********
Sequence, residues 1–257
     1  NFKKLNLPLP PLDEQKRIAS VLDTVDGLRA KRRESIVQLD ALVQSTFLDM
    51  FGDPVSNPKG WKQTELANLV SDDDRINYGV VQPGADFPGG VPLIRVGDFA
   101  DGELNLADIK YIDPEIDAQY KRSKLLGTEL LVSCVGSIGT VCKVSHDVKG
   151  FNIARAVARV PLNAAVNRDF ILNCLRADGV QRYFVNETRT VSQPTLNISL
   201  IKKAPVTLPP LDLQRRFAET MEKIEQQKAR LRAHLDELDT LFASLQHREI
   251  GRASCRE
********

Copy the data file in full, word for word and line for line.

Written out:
Sequence, residues 1–257
     1  NFKKLNLPLP PLDEQKRIAS VLDTVDGLRA KRRESIVQLD ALVQSTFLDM
    51  FGDPVSNPKG WKQTELANLV SDDDRINYGV VQPGADFPGG VPLIRVGDFA
   101  DGELNLADIK YIDPEIDAQY KRSKLLGTEL LVSCVGSIGT VCKVSHDVKG
   151  FNIARAVARV PLNAAVNRDF ILNCLRADGV QRYFVNETRT VSQPTLNISL
   201  IKKAPVTLPP LDLQRRFAET MEKIEQQKAR LRAHLDELDT LFASLQHREI
   251  GRASCRE